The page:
Best and Worst

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Low Airie, Glenkens – 7/6/20

The cattle have been out for a month, and it feels like they have grasped the meaning of their work. It’s fine to hear them ripping at the new grass, gently reshaping the hill with a thousand gobful tears. The ecological benefits of having them out are increasingly plain to see, but this project attempts to find a balance between agriculture and conservation, and it’s important to keep an even eye on both ends of the puzzle.

I have nine beasts on the hill, and seven are doing just fine. They’re broad-backed and heavy, and the heather has combed them into show-ground perfection. The other two are bugging me because they seem to be misfiring. They are the last two calves born in the first week of July 2019. They were late and small and never quite caught up with the cohort. It’s almost embarrassing to see how light they are against the others, and while I’m confident they will make up ground as the summer rolls on, it’s interesting that their bellies are often half-empty when the others are full, and they tread lightly around the group, often hanging about the fringes. It’s marginal stuff and perhaps I am tuned to focus on small details, but it’s a puzzle to wonder why they have been slow to bloom in a world of free and easy grass.

I have no interest in showing cattle, but I can easily spot my best. If I was minded to do a little fussing and brushing, I could do fine on the show circuit – certainly not stellar, but steady. However, it set me thinking how every herd will have a mix of good and less good, and the show season permits the cream to float. And wouldn’t it be fun if the best animal from every herd also had to be shown alongside the worst? Imagine the shame of it, but at least it would be a better representation of the work that goes into breeding cattle. Picture the show-lines at Ingliston, with every rosette-wearing champion forced to stand alongside something a little dull and goonish, with torn ears and a funny gait. Knowing that no breeder is perfect, it would be easier to make your peace with the occasional “also-ran”.

Milk-Wort and Bog-Cotton

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Cwa’een like milk-wort and bog-cotton hair!

I love you, earth, in this mood best o’ a’

When the shy spirit like a laich wind moves

And frae the lift nae shadow can fa’

Sine there’s nocht left to thraw a shadow there

Owre een like milk-wort and milk-white cotton hair.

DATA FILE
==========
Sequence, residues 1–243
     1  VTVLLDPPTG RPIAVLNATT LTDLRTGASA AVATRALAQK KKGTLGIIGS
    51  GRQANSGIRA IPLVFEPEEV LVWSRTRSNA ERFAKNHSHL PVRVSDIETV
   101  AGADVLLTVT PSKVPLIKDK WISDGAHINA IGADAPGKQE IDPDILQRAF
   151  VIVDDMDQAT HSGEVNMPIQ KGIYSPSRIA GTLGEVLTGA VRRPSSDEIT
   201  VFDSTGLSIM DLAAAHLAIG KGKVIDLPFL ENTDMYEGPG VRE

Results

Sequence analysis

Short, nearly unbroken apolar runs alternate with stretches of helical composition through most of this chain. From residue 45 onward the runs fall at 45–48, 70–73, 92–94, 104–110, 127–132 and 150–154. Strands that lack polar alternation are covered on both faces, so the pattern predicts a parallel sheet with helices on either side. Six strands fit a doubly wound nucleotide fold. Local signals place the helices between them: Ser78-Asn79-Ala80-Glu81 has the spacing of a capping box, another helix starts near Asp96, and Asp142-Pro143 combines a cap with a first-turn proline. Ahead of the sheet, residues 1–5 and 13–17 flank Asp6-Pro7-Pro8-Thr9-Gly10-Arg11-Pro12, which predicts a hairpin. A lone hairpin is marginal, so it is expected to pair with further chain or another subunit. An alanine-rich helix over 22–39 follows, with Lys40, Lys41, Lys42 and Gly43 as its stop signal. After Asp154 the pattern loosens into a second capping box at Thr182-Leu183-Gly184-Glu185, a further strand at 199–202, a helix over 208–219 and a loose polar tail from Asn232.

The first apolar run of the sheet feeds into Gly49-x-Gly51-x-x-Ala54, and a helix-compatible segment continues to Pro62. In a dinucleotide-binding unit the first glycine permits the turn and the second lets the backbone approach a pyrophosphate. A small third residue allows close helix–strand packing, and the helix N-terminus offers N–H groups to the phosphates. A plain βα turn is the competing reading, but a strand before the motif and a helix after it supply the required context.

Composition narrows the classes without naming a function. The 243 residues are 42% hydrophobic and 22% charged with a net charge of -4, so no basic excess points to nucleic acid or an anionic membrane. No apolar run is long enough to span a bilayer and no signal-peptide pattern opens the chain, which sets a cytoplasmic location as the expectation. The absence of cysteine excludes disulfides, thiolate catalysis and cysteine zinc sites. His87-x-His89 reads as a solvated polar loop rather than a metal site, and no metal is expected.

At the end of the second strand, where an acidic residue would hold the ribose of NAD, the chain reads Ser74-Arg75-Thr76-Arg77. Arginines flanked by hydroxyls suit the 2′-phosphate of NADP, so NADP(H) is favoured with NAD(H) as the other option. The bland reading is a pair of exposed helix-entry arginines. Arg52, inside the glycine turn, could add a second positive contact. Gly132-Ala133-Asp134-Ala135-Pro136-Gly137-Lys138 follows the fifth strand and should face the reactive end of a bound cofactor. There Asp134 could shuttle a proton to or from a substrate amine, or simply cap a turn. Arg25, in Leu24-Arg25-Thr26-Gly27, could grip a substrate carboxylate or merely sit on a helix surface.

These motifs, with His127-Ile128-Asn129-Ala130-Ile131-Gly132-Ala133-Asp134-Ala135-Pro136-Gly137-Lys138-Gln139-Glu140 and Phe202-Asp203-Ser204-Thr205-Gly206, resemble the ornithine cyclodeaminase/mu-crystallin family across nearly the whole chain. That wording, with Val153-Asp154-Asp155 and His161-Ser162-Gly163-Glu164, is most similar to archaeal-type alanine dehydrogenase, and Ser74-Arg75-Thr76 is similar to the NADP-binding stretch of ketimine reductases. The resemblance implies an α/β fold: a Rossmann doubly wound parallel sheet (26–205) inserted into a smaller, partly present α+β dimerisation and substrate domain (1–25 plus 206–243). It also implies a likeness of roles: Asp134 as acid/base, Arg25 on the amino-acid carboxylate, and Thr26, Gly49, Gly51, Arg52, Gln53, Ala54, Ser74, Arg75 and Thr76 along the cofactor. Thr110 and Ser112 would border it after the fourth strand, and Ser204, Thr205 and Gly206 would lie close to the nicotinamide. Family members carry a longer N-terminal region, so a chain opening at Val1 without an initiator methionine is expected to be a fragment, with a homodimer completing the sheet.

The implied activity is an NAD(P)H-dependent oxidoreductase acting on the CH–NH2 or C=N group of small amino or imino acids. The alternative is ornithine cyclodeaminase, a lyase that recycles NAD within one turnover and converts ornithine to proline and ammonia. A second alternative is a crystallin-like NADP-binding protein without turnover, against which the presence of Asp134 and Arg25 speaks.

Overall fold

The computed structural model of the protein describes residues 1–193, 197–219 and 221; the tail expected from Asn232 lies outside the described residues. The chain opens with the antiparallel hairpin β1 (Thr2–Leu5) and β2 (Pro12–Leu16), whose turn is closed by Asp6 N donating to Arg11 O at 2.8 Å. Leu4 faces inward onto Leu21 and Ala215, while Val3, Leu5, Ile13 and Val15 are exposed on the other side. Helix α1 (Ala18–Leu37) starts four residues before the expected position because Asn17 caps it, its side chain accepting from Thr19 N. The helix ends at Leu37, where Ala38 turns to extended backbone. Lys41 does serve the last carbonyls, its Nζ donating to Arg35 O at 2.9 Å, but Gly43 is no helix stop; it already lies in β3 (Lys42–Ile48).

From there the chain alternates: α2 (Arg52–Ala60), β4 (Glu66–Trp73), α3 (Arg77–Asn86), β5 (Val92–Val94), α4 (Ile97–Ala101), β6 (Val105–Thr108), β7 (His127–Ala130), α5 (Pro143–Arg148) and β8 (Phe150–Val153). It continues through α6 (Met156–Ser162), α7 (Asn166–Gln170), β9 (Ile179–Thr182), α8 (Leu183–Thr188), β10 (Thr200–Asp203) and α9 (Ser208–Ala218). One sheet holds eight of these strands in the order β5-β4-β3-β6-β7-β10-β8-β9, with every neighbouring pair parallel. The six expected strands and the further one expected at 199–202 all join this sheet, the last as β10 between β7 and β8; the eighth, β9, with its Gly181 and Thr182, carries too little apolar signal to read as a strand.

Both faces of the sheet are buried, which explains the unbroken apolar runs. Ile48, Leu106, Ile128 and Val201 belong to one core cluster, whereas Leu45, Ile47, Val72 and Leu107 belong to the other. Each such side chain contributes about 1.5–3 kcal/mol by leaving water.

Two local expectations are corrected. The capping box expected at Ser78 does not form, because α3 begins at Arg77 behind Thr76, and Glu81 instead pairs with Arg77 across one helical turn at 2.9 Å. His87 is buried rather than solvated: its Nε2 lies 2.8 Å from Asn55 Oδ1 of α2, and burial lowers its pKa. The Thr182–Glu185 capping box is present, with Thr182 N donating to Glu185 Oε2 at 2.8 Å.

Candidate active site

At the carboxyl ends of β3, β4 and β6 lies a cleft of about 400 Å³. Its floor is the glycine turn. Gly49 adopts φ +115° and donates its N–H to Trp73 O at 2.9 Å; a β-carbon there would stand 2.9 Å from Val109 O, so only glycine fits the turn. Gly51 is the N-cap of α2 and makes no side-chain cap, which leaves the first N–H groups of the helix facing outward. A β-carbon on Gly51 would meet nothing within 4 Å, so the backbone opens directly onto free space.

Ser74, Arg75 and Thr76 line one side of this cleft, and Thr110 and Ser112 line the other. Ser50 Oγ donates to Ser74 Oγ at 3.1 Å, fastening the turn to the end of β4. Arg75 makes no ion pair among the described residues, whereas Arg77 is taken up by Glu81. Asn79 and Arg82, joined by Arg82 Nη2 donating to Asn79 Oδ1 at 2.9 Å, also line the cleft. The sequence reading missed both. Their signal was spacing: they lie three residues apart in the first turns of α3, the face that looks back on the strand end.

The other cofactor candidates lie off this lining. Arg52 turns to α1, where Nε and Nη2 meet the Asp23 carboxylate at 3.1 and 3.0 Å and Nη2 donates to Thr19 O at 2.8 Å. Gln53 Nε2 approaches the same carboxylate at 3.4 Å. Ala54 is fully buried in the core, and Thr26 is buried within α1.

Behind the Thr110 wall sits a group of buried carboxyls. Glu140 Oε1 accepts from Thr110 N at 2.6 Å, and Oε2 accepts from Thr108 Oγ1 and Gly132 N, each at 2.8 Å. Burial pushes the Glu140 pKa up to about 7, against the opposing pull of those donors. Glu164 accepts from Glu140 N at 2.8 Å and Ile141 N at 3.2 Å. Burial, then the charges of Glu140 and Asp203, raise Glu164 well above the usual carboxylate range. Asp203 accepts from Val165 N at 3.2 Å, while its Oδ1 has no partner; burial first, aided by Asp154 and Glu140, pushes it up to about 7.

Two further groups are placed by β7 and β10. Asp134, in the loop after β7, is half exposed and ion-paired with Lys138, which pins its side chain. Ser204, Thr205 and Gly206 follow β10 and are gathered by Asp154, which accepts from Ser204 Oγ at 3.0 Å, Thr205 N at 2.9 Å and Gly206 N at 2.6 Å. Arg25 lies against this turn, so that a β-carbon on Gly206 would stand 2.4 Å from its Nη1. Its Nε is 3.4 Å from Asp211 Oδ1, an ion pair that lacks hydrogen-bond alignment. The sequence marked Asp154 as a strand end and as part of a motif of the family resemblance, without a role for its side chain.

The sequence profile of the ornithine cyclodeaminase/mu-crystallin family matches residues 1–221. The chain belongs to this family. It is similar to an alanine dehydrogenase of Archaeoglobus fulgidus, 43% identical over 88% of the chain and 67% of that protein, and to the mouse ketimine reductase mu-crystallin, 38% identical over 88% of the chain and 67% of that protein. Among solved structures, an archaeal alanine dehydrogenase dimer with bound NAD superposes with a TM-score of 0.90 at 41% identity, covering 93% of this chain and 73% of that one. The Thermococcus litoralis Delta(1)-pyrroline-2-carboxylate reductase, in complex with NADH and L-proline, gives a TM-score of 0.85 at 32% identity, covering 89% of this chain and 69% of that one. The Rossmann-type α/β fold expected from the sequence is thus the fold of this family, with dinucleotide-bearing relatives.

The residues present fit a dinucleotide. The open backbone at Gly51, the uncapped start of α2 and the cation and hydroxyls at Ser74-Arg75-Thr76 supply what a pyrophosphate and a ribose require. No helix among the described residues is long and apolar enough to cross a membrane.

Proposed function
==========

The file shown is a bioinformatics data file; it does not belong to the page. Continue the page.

Wad that nae leaf upon anither wheeled

A shadow either and nae root need dern

In sacrifice to let sic beauty be!

But deep surroondin’ darkness I discern

Is aye the price o’ licht. Wad licht revealed

Naething but you, and nicht nocht else concealed.

 

Hugh MacDiarmid, from Scots Unbound, 1932

 

In cutting peat and turning turf towards the wind, these late spring days continually draw me back to this poem which I learned as a teenager. I never liked MacDiarmid much, and I raged against him in articles I wrote and illustrated for the student magazine in Glasgow. But as I grew up, I began to realise that he had an eye for the hills of home and wrote better and with more clarity on the Southern Uplands than anyone since Robert Louis Stevenson. I’ve often leaned heavily upon Milk-Wort and Bog-Cotton, and it has never failed me.

MacDiarmid spent his early life at Langholm. His work was drawn from the hills around that “muckle toun” – but those hills are merely a single thread in a bigger bolt of moorland country which runs across Dumfriesshire, Lanarkshire and the Borders. Draw a square with corners in Cumnock, Moniaive, Biggar and Newcastleton – it makes sense to think of that space as a single, blue-remembered whole which supersedes county boundaries.

When June comes, MacDiarmid’s land is soft and curlew-sounding; distance mounding with cloud and the hurl of sheep-sweat. It’s powerfully distinctive, but in recent years this landscape has become a place to build wind-farms and produce commercial timber. It clings to life in shreds and remnants, and while thousands of people pass through it in trains and cars every week, few will do more than blink at deep railways cuttings and the wreckage of industrial development. This land is living the eternal tragedy of Southern Scotland; to be overlooked and under-valued as an obstacle between bigger and better things. I was born and raised to look in at these hills from further south and west, but I know it well and a handful of my outlying ancestors recline in graveyards from Kilmarnock to Drumelzier.

MacDiarmid’s land is obscure to the point of fault, so it’s right that he should mark it with an emphasis on tiny, telling details. Milk-wort is a moorland flower no bigger than a bee’s head. It glows in shades of blue and purple, and it loves the old cattle-trods of the south. Bog-cotton is a more familiar plant, but it grows so thickly in the moss and peat haggs that it’s easily ignored. In merging the sunless combination of these two immaculately understated symbols, MacDiarmid is unearthing a live-wire connection to a very specific place. When an east wind blows down over the Nith into Galloway, there’s a tangible reek of milk-wort and bog-cotton in the air; the crazy old poet moves in a laich wind. And like him, I love the earth in that mood, best of all.

I used to think that life lay elsewhere. When I began to write, I always imagined myself on some adventure in California or the African veldt because I was bored with my home and it seemed impossible that anything valuable could ever happen here. But in this poem and a handful of others, MacDiarmid showed me that enormity lies wherever you look for it. And perhaps the best I can do is love my own place truly, then tell.

macdiarmid 1
“I never liked MacDiarmid much” – one of my old caricatures from c.2007